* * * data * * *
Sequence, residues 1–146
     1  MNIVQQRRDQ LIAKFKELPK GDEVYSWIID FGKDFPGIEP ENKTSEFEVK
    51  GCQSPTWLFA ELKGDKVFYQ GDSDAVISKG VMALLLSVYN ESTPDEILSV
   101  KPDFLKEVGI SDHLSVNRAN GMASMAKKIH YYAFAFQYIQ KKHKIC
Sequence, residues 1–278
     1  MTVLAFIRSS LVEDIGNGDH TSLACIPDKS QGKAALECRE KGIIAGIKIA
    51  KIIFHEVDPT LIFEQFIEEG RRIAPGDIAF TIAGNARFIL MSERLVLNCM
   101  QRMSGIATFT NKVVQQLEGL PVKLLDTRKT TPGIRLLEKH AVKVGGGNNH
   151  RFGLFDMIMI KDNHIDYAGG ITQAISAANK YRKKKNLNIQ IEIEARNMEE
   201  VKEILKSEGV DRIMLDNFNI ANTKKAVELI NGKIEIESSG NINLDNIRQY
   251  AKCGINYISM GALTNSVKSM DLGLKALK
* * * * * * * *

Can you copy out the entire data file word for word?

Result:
Sequence, residues 1–146
     1  MNIVQQRRDQ LIAKFKELPK GDEVYSWIID FGKDFPGIEP ENKTSEFEVK
    51  GCQSPTWLFA ELKGDKVFYQ GDSDAVISKG VMALLLSVYN ESTPDEILSV
   101  KPDFLKEVGI SDHLSVNRAN GMASMAKKIH YYAFAFQYIQ KKHKIC
Sequence, residues 1–278
     1  MTVLAFIRSS LVEDIGNGDH TSLACIPDKS QGKAALECRE KGIIAGIKIA
    51  KIIFHEVDPT LIFEQFIEEG RRIAPGDIAF TIAGNARFIL MSERLVLNCM
   101  QRMSGIATFT NKVVQQLEGL PVKLLDTRKT TPGIRLLEKH AVKVGGGNNH
   151  RFGLFDMIMI KDNHIDYAGG ITQAISAANK YRKKKNLNIQ IEIEARNMEE
   201  VKEILKSEGV DRIMLDNFNI ANTKKAVELI NGKIEIESSG NINLDNIRQY
   251  AKCGINYISM GALTNSVKSM DLGLKALK